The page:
The current Boho fashion trend has designers discovering exciting new ways to incorporate Czech Glass buttons in their work. Czech Glass buttons have been produced in Jablonec in Bohemia since the second half of the 18th century. The authenticity and beauty of the buttons — and the art created with them — make the extra efforts required an essential investment of our time.

Czech glass buttons have a proven process without shortcuts. With several decades of experience each, our artisans make it all look deceptively easy when we visit. But each button is an individual work of art. Everyone is pressed, smoothed, and (usually) hand-finished. A final fire polish often seals the work, making the durable art wearable for generations.


Many of Jablonec’s button molds have been lost, damaged or purchased by offshore and knock-off companies. Most of the remaining production comes from traditional molds passed between generations of glass pressers. We have brought tens of thousands of buttons in those designs to the United States over the years.

The factories in Jablonec have the negative and positive molds for each button. The first step in the process of making the Czech glass buttons is to choose one of those molds. The hand-presses or tongs will hold the mold on it, and once the glass is soft enough, the pressing process will begin.


The raw material for making the buttons are glass rods produced in the Czech Republic. Czech glass has remarkable quality, strength, and stability, with over 900 colors available. The production of glass rods is made by machine (for the transparent and opal colors) and by hand (for many of the opaque and mixed glass colors). Each color is made with minerals and chemical compounds, and some of the most expensive colors, like magenta, require gold!

After choosing the mold of the button, we need to select the color of the glass. We use cards with all available colors. Each color has its own code, depending on if they are transparent, opaque, opal, or mixed glass. If, for example, we want to create a button with a volcano finish, the glass we select is a plain transparent color.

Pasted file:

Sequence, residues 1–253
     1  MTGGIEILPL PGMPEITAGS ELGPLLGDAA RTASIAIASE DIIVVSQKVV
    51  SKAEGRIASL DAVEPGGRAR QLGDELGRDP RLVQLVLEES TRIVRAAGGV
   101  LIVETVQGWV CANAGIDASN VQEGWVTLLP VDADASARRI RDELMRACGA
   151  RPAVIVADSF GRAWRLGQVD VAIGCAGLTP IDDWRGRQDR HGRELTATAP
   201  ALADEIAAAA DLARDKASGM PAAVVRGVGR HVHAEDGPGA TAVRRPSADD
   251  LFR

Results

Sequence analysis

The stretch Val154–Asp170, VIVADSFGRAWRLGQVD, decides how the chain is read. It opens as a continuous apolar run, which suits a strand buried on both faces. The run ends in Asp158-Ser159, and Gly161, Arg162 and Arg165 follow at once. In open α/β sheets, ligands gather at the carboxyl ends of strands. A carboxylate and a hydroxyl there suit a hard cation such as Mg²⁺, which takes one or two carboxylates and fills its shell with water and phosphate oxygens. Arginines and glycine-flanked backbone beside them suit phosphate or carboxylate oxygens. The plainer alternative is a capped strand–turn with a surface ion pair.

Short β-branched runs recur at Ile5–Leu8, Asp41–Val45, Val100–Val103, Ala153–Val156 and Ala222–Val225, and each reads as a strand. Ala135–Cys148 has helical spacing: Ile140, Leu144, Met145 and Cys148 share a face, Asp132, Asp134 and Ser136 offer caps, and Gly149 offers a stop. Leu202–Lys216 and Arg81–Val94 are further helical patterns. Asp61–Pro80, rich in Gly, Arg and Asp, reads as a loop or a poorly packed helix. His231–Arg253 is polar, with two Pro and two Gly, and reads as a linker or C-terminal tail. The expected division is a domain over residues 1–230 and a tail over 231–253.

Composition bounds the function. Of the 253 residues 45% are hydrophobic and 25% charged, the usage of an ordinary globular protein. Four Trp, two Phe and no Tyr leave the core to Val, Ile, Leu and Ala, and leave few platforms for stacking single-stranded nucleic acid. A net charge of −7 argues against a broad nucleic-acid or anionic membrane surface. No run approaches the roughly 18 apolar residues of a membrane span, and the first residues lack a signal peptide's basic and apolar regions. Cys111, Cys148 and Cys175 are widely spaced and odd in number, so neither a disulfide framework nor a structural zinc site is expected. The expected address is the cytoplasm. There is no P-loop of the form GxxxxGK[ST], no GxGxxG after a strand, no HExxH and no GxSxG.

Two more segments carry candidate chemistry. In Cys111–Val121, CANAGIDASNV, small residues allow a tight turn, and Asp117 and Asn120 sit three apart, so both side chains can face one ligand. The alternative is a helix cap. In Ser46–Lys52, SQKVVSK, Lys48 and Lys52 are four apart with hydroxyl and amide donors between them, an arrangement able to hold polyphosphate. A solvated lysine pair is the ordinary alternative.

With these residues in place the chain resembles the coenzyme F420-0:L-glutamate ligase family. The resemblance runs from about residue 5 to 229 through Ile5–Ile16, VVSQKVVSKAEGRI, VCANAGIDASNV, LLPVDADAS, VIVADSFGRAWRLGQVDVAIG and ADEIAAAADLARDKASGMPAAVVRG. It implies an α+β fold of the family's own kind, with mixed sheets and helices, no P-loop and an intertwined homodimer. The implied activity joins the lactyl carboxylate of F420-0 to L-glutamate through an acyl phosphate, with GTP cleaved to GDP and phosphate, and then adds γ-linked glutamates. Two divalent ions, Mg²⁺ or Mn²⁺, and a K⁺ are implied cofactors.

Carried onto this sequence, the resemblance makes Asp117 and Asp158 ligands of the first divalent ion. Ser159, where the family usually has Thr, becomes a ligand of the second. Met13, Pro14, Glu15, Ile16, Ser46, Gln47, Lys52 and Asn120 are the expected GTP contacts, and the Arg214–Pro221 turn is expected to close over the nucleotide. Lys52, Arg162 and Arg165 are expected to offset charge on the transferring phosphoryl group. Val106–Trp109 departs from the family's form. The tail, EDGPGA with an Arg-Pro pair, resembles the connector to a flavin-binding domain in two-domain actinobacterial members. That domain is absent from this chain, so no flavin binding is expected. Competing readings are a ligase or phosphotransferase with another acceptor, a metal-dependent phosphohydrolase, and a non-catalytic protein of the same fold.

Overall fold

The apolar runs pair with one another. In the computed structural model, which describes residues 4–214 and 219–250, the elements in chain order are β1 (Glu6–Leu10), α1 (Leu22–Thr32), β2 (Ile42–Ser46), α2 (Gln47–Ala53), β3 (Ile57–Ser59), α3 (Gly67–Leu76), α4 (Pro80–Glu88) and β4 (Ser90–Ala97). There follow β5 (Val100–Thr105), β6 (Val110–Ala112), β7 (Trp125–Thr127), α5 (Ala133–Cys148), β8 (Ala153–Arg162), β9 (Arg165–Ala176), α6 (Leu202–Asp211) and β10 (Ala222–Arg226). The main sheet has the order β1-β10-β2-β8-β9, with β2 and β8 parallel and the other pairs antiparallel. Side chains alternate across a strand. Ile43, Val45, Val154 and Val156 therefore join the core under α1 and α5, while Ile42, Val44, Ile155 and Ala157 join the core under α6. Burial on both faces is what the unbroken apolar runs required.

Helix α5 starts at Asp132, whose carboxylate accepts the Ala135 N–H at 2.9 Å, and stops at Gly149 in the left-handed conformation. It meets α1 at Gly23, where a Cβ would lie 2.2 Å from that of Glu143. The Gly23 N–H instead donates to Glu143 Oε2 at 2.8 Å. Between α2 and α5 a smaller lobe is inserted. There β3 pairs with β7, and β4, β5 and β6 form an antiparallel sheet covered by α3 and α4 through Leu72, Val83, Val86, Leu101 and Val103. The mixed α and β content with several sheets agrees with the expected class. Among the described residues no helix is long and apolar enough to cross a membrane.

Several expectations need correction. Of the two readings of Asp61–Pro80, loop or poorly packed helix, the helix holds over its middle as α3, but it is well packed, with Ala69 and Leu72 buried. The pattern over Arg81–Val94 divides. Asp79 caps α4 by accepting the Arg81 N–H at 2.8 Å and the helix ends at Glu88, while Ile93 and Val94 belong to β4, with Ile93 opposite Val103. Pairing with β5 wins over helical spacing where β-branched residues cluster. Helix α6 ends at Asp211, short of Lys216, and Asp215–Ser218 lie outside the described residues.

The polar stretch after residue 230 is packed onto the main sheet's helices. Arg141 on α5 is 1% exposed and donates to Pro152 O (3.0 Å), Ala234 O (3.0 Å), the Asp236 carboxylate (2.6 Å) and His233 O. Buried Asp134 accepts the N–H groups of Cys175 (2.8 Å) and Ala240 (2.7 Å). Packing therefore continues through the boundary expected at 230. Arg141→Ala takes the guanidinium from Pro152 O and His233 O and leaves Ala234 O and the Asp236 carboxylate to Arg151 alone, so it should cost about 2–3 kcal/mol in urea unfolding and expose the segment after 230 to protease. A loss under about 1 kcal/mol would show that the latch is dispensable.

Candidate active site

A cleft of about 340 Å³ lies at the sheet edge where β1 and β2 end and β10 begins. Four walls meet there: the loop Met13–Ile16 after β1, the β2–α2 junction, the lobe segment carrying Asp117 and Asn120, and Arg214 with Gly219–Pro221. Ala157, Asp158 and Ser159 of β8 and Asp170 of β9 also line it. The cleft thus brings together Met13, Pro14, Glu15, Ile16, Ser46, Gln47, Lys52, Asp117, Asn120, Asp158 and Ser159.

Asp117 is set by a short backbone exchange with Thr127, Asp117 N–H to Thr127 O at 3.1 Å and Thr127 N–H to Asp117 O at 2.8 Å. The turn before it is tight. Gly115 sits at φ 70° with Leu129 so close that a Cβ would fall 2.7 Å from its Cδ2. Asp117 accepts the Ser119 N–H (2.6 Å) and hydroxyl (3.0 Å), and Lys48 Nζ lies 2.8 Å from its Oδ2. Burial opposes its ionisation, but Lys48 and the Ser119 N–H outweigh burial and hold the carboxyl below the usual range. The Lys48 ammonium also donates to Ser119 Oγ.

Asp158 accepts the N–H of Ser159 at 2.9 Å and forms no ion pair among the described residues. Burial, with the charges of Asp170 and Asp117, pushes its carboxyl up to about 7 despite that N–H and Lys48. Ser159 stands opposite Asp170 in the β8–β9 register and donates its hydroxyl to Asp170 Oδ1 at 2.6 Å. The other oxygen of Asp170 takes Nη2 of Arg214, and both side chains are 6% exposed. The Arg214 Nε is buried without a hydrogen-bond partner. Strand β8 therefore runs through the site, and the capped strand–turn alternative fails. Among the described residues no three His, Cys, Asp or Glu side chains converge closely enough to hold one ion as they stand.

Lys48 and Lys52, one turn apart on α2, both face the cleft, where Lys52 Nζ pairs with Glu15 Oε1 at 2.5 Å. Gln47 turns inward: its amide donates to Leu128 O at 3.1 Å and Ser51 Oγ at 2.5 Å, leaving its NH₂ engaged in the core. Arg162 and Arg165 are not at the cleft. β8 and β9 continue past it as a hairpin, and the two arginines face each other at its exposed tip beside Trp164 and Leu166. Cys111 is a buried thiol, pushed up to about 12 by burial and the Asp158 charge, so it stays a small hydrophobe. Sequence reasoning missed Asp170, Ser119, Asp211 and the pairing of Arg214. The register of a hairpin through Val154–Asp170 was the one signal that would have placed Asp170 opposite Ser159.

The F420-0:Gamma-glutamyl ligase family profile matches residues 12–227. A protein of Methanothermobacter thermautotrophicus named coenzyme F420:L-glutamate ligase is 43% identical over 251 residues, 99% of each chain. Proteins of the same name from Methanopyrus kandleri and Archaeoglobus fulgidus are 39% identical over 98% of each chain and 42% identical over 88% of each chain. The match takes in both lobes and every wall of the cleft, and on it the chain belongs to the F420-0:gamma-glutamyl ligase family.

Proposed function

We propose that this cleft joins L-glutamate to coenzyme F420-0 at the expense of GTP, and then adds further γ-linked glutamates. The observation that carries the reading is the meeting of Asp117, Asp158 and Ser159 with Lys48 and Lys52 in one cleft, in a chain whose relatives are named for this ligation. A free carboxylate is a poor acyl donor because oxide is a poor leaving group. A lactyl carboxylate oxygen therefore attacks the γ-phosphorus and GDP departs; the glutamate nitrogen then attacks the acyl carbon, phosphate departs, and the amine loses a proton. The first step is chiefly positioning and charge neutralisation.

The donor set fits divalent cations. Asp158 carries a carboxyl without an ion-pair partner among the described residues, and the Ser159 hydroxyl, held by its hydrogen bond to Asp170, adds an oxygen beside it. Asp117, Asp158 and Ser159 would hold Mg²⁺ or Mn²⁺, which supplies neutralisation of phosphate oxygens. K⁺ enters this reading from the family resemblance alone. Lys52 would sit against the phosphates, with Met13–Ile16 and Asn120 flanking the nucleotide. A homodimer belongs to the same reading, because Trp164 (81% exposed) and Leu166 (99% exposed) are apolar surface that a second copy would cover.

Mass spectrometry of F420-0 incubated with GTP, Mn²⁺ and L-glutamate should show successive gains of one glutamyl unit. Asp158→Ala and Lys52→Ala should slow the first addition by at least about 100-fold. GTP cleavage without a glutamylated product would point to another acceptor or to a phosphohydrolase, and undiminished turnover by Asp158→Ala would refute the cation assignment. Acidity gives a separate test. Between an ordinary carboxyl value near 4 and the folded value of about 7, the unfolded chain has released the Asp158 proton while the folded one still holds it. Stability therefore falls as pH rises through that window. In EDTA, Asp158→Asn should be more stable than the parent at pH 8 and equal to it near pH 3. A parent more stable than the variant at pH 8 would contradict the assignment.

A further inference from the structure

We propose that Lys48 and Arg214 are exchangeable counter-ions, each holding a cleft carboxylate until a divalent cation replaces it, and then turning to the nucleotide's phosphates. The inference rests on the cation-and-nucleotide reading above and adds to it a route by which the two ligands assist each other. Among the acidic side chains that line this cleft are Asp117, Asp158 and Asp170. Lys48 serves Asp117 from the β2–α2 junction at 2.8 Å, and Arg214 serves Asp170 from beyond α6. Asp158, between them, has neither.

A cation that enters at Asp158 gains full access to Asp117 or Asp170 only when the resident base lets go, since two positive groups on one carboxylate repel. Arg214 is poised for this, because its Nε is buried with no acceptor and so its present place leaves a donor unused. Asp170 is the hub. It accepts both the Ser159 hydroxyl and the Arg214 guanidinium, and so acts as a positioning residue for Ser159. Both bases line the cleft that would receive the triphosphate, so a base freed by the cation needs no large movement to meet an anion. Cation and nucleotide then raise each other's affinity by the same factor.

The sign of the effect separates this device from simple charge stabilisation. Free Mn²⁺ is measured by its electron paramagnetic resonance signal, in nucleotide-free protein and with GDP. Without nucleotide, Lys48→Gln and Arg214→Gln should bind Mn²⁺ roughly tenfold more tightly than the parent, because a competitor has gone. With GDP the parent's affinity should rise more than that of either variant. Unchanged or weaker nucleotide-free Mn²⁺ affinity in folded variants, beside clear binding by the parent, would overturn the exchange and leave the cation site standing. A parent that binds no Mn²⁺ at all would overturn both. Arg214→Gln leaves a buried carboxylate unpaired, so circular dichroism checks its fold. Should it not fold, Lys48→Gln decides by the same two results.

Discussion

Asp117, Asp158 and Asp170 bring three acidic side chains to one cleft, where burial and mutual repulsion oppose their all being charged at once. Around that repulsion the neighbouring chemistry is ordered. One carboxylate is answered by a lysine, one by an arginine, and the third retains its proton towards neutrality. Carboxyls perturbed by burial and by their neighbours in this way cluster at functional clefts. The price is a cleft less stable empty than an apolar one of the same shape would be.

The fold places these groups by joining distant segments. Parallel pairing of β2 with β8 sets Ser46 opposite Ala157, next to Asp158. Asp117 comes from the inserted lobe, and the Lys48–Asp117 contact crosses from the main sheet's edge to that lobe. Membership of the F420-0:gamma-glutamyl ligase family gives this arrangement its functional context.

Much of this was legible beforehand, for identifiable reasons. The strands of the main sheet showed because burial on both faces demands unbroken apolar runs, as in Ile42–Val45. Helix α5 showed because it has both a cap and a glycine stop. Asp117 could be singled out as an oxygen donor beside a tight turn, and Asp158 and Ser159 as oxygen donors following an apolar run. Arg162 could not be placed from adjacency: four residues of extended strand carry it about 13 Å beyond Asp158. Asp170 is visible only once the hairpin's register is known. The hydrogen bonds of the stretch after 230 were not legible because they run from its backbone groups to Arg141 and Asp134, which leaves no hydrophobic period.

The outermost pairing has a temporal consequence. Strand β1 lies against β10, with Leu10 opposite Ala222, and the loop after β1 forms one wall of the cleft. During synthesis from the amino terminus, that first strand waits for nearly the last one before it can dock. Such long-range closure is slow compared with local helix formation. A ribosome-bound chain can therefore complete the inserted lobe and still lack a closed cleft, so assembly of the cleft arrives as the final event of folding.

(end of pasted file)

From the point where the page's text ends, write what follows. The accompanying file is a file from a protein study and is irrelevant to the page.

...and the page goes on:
Once the glass color is selected, the glass rods get melted in the oven to be pressed into the mold.


The hand pressing of malleable glass with tongs is the oldest and simplest way of shaping glass in metal molds. If the glass button has a shank made of glass, the artisan will press the buttons in a row, and later on, each piece will be separated. But if the glass button has a metal shank (like most of our buttons), the metal shank is placed first inside the mold before pressing the glass.

Once the glass rod is pressed, the extra glass around the button is cut away with a pair of scissors while the glass is still soft.


1- Metal shank is placed inside the mold
2- Glass rod is pressed
3- Extra glass is cut away
4- Extra glass is cut away
5- A new Czech Glass button is born! (its still a bit rough, though)


To create these buttons, the artisans only use step number 2. The buttons will be pressed in a row and broken apart, as in the image on the right.


The final process of the production of buttons is polishing and finishing. After pressing the glass into the mold, the buttons come out in very rough conditions, their edges will need to get smoothed with a machine.

Once the buttons are polished, chemical coatings or hand paint will be applied. If we want the buttons to have a volcano finish, a layer of chemical coatings will be applied on the back of the button. If we want these buttons to have silver or gold accents, the paint is added manually on top of the buttons.

Once the paint or chemical coatings have been applied to the surfaces, the buttons are fired in the oven so the paint and chemicals get fixed on the glass. The buttons dry for a few days before packing them to our office.

Polishing Machine
Oven for the buttons

Nirvana is proud to be part of keeping the tradition alive and providing our customers with the beautiful result.

Many have learned to stock up on their favorite buttons as they become available. Buttons are still being produced, but molds break, and pressers retire. Before World War I, there were more than 700 glass production businesses in Jablonec. There is only a fraction of that number today—true craftsmanship, born out of hundreds of years of experience.